This is the second lesson in my series for teachers and students. I often find that students forget to develop context before researching, especially middle schoolers who may not have taken coursework that would provide such context yet. Here’s the lesson I use to encourage my own students to think about vertical (the time period) and horizontal (before and after) context.
Discussion questions: What does the phrase historical context mean? Why is it important in History Day?
When starting research, a lot of students quickly learn many details on their specific topic, be it a person or an event. While this is a necessary first step in research, you’ll also need some context so you can properly frame your thesis. Historical Context refers to the wider picture and circumstances that frame an event or person. Context helps your research make sense.
You want to argue that your topic is a significant conflict/compromise. To do this, you need to show how it was a change from the norm!
Remember, you are researching one coat on a rack. How is YOUR coat different, special, and unique? If it’s the only orange coat with a zipper, that’s a big deal! But we won’t know this unless you describe the other coats.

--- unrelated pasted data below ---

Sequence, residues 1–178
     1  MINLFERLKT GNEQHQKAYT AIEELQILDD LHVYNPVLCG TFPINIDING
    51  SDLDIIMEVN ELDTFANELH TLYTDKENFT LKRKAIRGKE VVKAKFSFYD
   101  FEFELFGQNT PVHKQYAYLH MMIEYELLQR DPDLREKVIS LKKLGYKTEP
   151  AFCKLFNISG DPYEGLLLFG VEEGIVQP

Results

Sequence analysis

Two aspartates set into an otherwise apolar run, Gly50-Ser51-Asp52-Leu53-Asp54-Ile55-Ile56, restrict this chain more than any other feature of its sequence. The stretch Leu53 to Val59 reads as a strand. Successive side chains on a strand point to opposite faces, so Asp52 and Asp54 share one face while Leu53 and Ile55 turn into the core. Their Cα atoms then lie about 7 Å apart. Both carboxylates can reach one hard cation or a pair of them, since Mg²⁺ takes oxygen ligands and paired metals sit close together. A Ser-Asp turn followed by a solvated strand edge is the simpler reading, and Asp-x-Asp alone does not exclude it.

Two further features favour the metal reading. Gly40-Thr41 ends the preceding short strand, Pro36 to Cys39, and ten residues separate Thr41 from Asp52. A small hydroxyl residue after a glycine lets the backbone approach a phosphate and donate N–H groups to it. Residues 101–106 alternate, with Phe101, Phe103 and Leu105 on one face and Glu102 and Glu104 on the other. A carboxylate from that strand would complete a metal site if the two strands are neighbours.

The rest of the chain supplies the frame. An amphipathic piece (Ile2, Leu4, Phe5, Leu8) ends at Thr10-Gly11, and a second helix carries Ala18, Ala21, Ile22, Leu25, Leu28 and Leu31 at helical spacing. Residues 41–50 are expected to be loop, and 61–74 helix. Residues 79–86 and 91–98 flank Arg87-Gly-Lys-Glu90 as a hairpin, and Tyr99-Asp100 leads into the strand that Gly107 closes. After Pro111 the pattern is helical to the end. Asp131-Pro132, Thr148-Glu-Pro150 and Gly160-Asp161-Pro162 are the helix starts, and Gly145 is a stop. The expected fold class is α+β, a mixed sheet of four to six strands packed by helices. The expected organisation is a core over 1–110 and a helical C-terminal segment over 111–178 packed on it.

When considering historical context, think about before, during, after “your” topic.
Lastly, make sure you include dates when discussing events that fit your topics historical context. Dates firmly anchor events into a timeline and help establish trends or cause-effect. You might not be used to using dates in the Informational or Argument writing you do in ELA class, but in History Day dates are important.
Jenn McMunn is a social studies and ELA enrichment teacher at Mansfield Middle School. She has had students participate in History Day for 16 years and currently serves as the Mansfield Regional Coordinator.